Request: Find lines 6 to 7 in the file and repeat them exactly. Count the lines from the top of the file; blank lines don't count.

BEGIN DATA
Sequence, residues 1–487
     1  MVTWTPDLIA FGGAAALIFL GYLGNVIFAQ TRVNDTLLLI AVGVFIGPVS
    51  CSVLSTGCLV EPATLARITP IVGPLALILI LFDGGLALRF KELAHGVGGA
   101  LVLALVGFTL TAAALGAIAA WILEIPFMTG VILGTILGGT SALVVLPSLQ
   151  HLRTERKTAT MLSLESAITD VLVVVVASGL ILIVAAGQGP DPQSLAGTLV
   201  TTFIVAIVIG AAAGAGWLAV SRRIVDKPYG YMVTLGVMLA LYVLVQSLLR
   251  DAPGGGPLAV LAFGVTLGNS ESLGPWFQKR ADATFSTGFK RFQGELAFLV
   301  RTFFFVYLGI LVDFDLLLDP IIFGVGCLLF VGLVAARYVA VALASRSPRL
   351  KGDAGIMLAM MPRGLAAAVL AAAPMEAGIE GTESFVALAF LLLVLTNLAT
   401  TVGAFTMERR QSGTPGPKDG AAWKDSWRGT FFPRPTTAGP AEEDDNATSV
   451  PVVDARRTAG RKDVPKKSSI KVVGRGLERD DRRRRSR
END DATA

   201  TTFIVAIVIG AAAGAGWLAV SRRIVDKPYG YMVTLGVMLA LYVLVQSLLR
   251  DAPGGGPLAV LAFGVTLGNS ESLGPWFQKR ADATFSTGFK RFQGELAFLV